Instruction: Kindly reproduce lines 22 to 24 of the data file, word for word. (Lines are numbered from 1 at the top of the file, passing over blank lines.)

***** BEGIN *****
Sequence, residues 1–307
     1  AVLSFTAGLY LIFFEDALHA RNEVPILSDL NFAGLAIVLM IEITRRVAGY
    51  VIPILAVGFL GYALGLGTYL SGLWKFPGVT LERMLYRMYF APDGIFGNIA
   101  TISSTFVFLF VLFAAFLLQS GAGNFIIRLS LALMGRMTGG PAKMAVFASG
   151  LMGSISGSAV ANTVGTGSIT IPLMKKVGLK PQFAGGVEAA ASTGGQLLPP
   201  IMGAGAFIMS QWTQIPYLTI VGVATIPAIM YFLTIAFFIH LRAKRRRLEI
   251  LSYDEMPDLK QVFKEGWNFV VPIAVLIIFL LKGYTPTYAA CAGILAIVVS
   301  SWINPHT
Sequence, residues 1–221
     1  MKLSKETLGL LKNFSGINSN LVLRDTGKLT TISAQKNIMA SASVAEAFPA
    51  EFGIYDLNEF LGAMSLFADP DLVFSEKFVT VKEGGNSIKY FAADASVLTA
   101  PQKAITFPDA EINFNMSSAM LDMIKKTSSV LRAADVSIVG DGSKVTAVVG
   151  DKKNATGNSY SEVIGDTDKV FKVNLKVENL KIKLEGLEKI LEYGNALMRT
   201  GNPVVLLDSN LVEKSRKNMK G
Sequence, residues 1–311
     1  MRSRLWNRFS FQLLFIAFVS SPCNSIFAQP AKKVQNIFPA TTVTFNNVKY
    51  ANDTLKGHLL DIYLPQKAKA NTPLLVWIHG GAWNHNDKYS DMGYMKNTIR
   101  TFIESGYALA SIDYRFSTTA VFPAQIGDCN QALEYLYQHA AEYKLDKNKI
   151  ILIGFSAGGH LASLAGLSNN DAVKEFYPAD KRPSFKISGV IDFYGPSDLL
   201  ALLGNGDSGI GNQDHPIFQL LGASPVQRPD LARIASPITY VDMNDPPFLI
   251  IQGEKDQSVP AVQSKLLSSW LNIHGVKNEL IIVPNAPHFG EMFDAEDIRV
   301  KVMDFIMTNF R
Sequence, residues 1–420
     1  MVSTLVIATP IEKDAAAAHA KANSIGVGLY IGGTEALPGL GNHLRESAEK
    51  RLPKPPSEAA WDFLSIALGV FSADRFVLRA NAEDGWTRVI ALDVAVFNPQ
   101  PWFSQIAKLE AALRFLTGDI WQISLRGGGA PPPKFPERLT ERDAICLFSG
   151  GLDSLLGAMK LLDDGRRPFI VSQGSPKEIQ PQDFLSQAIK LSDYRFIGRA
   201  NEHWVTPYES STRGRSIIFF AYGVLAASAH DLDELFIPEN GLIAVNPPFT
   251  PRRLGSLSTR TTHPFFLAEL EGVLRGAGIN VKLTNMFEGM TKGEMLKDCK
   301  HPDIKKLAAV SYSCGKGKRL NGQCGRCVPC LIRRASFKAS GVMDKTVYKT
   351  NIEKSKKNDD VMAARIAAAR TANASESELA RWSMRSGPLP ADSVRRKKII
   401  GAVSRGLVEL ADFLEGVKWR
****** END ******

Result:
   301  KVMDFIMTNF R
Sequence, residues 1–420
     1  MVSTLVIATP IEKDAAAAHA KANSIGVGLY IGGTEALPGL GNHLRESAEK